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By Elizabeth Kendall
Does virtuosity underpin or undermine a 21st-century approach to ballet?
Margot Fonteyn and Michael Somes in Act III of The Royal Ballet’s Sleeping Beauty. Photo from DM Archives.
The dance field is overflowing with virtuosity. You turn on the TV: Someone not only thinks she can dance, she back-flips, slides across the stage on knee pads, gets hoisted on a partner’s raised hand. At the great ballet companies—American Ballet Theatre, New York City Ballet, San Francisco Ballet—you see frenetic leaps, whirring pirouettes, logic-defying lifts. Especially the lifts. Choreographers from Forsythe to McGregor combine dancers in new ways via pretzelings, pullings, tossings, catchings. Even Balanchine’s once lightning-quick turns and flurries of footwork look like they’re no big deal when performed by NYCB’s current nonchalant daredevils.
But where’s the artistry amid all the technique? Has it disappeared? Been transformed?
What is dance artistry, anyway?
In ballet, it has been an essential if elusive element from the start. When you don’t see it, you forget what it is. Beautiful bodies doing everything full-out—you get excited. But if that’s all they’re doing, excitement freezes. You become embarrassed by your reactions. And then you stop feeling and you can’t remember what was so great about ballet anyway.
Then the real thing hits. At an NYCB performance of Coppélia recently, Tiler Peck and Andrew Veyette performed the roles of Swanilda and Frantz. At Act I’s end, they come onstage in pearl-pink for the famous Ear of Wheat ceremony: Girl rattles wheat to see if boy loves her. But Swanilda’s wheat doesn’t rattle, and she’s seen Frantz blowing kisses at a stranger.
Right: Natalia Osipova in American Ballet Theatre’s production of MacMillan’s Romeo and Juliet. Photo by Gene Schiavone, Courtesy ABT.
Then Peck and Veyette start to dance, to Delibes’ plaintive, folk-syncopated violin tune.…Suddenly we are inside Swanilda’s soul, feeling Frantz’s betrayal. It is an effortlessly beautiful, hushed moment. “Circle walked, so quiet and serious,” say my notes. Then “Amplitude—T.’s glissades,” then “T. backbend in A.’s arms.” It isn’t just the steps, but the way Peck and Veyette get inside them and inside the story and music, too. Peck’s glissades match the rise and fall of the violin melody. Her feet are the violin bow and the floor is the violin.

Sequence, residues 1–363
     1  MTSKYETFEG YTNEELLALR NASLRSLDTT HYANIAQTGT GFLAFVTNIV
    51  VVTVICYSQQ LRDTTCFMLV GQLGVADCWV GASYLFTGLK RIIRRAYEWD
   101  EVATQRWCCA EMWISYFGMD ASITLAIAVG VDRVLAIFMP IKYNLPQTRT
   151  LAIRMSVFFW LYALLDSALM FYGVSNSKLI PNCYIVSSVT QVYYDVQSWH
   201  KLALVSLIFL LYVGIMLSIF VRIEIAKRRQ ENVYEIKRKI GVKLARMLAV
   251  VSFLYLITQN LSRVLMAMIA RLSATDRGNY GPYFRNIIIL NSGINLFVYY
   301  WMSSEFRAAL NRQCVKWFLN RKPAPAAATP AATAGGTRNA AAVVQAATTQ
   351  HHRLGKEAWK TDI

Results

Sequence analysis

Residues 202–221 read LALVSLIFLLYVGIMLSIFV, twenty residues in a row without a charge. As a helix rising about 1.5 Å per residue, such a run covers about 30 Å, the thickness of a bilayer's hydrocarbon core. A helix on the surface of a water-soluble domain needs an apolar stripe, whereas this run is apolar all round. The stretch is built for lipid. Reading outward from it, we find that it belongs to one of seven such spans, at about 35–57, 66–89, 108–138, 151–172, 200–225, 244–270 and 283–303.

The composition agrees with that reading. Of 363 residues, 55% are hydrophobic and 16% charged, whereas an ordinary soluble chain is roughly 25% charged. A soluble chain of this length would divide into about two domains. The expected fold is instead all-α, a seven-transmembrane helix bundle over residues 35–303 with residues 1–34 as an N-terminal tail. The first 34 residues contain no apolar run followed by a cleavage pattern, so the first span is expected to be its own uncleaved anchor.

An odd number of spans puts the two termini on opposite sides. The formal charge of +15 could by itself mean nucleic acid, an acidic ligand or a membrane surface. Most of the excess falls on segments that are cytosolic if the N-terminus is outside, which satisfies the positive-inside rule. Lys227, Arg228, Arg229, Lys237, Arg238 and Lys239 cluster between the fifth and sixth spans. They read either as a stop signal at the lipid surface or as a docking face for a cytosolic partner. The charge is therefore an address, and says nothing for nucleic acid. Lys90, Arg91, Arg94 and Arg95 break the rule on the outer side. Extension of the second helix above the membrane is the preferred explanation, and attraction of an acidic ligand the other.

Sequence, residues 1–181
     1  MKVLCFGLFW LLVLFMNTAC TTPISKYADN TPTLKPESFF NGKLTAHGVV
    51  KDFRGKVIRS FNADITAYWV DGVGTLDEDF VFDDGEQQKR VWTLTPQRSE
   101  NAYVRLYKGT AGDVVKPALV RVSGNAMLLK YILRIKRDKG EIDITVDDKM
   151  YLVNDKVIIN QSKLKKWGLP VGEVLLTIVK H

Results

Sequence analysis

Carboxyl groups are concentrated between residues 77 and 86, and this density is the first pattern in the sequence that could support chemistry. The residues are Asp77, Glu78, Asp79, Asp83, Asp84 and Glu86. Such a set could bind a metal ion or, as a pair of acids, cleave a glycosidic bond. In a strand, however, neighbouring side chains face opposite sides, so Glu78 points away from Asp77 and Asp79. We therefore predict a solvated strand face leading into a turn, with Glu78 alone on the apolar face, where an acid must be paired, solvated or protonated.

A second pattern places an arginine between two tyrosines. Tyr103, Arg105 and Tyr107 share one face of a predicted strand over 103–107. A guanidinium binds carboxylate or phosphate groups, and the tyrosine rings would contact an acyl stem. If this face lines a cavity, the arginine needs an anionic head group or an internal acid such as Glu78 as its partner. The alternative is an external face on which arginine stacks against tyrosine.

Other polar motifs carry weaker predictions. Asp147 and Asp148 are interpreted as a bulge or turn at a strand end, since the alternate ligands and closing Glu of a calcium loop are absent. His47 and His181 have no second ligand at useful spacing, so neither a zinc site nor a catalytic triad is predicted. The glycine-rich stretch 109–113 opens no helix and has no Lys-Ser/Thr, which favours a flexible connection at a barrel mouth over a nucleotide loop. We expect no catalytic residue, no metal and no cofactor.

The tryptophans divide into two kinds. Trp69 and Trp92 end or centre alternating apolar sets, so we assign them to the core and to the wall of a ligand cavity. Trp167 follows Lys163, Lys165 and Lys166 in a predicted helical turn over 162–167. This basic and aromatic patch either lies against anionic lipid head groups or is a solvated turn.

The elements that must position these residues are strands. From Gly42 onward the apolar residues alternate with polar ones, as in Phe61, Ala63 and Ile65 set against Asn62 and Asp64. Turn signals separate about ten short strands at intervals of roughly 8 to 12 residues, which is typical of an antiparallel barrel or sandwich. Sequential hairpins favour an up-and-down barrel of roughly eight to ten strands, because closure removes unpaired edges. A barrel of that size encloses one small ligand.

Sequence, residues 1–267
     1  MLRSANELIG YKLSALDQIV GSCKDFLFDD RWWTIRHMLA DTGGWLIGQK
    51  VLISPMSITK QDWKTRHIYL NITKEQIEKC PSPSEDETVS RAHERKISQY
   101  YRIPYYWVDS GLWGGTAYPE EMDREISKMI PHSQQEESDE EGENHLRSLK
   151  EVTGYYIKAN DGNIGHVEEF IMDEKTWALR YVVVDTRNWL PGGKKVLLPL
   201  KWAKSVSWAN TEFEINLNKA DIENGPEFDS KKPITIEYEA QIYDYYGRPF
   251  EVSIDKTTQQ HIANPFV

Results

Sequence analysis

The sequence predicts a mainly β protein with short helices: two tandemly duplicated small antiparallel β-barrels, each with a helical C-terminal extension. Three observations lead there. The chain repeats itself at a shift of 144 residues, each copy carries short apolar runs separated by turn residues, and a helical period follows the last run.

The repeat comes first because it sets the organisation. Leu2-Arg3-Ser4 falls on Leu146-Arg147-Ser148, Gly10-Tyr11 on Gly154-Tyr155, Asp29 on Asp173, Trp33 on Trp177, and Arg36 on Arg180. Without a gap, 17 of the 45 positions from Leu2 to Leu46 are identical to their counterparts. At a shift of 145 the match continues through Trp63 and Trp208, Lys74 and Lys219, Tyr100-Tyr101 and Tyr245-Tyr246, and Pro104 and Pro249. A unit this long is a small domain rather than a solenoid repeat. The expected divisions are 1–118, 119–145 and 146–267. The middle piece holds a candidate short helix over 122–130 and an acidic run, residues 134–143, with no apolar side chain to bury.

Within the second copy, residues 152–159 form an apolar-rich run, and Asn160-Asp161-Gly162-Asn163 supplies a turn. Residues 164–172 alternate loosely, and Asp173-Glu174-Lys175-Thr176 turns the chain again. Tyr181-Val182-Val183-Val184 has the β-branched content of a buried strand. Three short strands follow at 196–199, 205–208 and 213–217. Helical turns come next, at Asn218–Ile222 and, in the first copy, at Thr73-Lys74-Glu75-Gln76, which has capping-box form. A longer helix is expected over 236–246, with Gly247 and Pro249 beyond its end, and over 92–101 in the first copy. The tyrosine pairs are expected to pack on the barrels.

This is dance artistry: When a dancer becomes the music, and watching in the audience, your heart catches fire. It’s the most precious feeling in the world, like being in love. Sometimes we call it musicality, but it’s more than that. It’s the wedding of musicality and technique to make meaning. The audience feels the dancer is “saying” something vital and truthful, and the experience doesn’t even depend on story or music. Patricia McBride made audiences go mad with joy at the climax of the story-less Scotch Symphony, just by walking forward on the beat—a walk that contained the whole Mendelssohn symphony. Baryshnikov once moved me to tears dancing a Merce Cunningham solo in silence.
But is artistry in ballet threatened? Is it less valued today by audiences, critics and the dance world itself? Is there confusion among dancers themselves about what artistry is? Take the super ballerina Natalia Osipova, who’s finally landed at The Royal Ballet after zig-zagging away from the Bolshoi. This writer has seen Osipova use her urgent kinetic sense and her prodigious jump to refashion classic roles so that they seem embodiments of the Now. Her Juliets at ABT have been electric—the old artistry merged with new virtuosity. Other times Osipova seems merely to put her breathtaking technique on display for the sake of showmanship (Flames of Paris), without opening herself to the private vulnerabilities that artistry asks dancers to show.
Left: Tiler Peck and Andrew Veyette in NYCB’s Coppélia. Photo by Paul Kolnik, Courtesy NYCB.